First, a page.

Cheers to wandering the world and exploring my new home town – bye bye, salut and hamba kakuhle ∞

Capetonian views

Hello, Bonjour and Molweni from Cape Town where I live and work for two years. Due to the ongoing pandemic, I have arrived about 9 months later than planned. But I think all of us have realized by now that planning and COVID are not much compatible.

By now I believe I am the queen of apartment hunting, I have seen lots and lots of apartments. It’s time to get one longterm rental now and I think I know which one I prefer, we will see if and how it will work out though as it seems as if COVID-19 is making up its own plans without me; again!

I found myself a gorgeous horse lease in Constantia, a lovely gelding, a former racing horse that loves jumping. We get along quite well so far and I am looking forward to get to know him better and to our dressage and jumping lessons.

The past days were either windy or very hot, proper summer days that I experienced here. During the days it could hit something in the 30 degrees Celsius with a little wind breeze it was actually nice. Some of the evenings however the wind decided to pick up and do it’s own crazy dance! During one afternoon, I decided to have a look at the roof top bar on top of the Silo hotel but underestimated the wind. The views were stunning but my food was flying everywhere except into my stomach.

Due to the current pandemic you don’t need any reservation you can just show up, there will be plenty of free seats to choose from. Nevertheless, you should remember that there is a curfew in place so the last food order will only be considered before 6.30pm. I will surely go back once there is less wind to enjoy my food.

My last week of holidays has started and I spent the time at the pool and in the gym as much as I could. I explored the waterfront and found the baby seals again. They are very sleepy and always lay around on one of the platforms. The parents are much more playful and I spent an afternoon just watching the adults catching fish and enjoying themselves in the harbor. I enjoyed my time at the stables and wanted to go on some hikes.

However, sometimes life has a different plan. The hiking didn’t happen. One morning I drove to Alphen trail in Constantia to meet a group of people that go hiking together 3 times per week. Before we wanted to start I collapsed unfortunately and found myself laying on the ground with lots of worried faces. Even a security guy was there with guns and a big dog. He took care of me until a friend came around to pick me up and drove me to the hospital. So, I checked out the South African hospital from the inside much earlier than I wanted. They took well care of me, did blood tests and heart tests and luckily didn’t find anything except of low blood pressure.

After 2 hours, I came out of hospital with luckily only a bruised knee and hand, which I guess I must have fallen onto. I was very relieved I could go back home as during these COVID times I surely don’t want to be in hospital. Despite the ongoing pandemic I must admit the situation in this particular private hospital was not too concerning. Everything was kept clean, there were empty beds and no one waiting in the entrance hall. I am unsure how the rest of the rooms looked like but what I had seen was ok.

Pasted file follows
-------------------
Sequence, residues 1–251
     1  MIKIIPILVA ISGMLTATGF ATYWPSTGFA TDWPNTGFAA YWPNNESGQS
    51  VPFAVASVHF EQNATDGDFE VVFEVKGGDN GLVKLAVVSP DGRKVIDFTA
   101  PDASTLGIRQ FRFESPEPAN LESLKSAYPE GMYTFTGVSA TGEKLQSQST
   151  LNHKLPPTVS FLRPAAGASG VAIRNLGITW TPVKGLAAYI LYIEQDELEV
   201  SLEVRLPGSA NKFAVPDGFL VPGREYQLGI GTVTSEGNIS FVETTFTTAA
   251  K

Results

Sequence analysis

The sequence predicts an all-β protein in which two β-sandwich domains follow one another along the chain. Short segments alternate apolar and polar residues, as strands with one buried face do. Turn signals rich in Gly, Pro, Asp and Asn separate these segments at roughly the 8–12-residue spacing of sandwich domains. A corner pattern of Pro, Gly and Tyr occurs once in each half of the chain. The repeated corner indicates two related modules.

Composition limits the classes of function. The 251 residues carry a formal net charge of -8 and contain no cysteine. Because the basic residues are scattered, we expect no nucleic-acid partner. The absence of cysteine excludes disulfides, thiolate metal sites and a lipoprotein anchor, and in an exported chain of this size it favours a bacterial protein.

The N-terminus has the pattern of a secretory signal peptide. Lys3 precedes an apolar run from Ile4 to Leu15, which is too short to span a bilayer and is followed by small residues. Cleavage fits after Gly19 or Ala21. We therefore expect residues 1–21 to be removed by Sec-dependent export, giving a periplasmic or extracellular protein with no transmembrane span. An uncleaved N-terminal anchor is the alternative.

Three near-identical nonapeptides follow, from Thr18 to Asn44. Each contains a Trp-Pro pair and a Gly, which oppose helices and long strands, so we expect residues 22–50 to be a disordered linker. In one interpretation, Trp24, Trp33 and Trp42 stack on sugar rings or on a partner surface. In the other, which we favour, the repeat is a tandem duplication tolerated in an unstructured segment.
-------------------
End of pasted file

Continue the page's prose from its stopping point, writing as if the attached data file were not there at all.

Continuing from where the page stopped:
Since the incident, I enjoyed the views from my apartment during the last days of my holidays before my first working day in Cape Town will start.

My newest lessons learned in my new home town:

  1. Cheeky birds – the seagulls will share your food plate with you even if you disagree,
  2. No reservations needed – you can spontaneously get a seat at the roof top bar on top of Silo as not many people go out during COVID-19 times &
  3. Early dinner – last order for a meal outside is before 6.30pm due to the current curfew, otherwise you must cook on your own!

Cheers to wandering the world and exploring my new home town – bye bye, salut and hamba kakuhle ∞

The mystery of things disappearing in Africa

Hello, Bonjour and Molweni from Cape Town where I live and work for two years. Due to the ongoing pandemic, I have arrived about 9 months later than planned. But I think all of us have realized by now that planning and COVID are not much compatible.

Saturday morning is market day at the Oranjezicht farmer‘s market that I visited. I was amazed how many people they let in during COVID-19 times with cases going up here these days. The market was very crowded, at least in my opinion. However, it’s a beautiful one and I thought to be in paradise. They even had Flammkuchen!

Even though I am 13.000 km away from home, there are many people that speak German here. When I said in German „this is paradise for me“ a random girl just answered in German „for me as well“, so always watch out what you are talking about in any language here 🙂

Besides apartment hunting, I went for a hike in Kirstenbosch. It was planned to be a short hike before an apartment viewing but turned out to be three hours walking up and down on the edge of Table Mountain. I had to run every now and then just to make sure I will be on time for the next apartment appointment. The silvertree trail surely turned out to be not so easy as I wished for, but some of the views were gorgeous. I could almost see until Muizenberg!

While being amazed, I suddenly heard the noise that is the only one that will always give me a freight: bee sounds, many. I just walked by a tree that was home for a bee hive, there must have been so many that I was too afraid to actually turn and look at them, I just ran past by. Luckily they didn’t follow me. Now, I had enough of this hike and just wanted to be back in Kirstenbosch, after crossing rocks, small waterfalls and another few bends hiking up and down again along the Table Mountain I finally found the parking lot. I will surely come back to view more of the garden and do other hikes.

„There is always something new out of Africa.“

Pliny the Elder

I moved to my new temporary self-catering home at the V&A Waterfront in the Marina or also called Fort Knox by me; it takes time to get in and out, even with appropriate badges and keys. The views from my new home are magnificent though, palm trees and the canals just in front if my windows! Every morning I wake up to the calling of the seagulls, it’s lovely.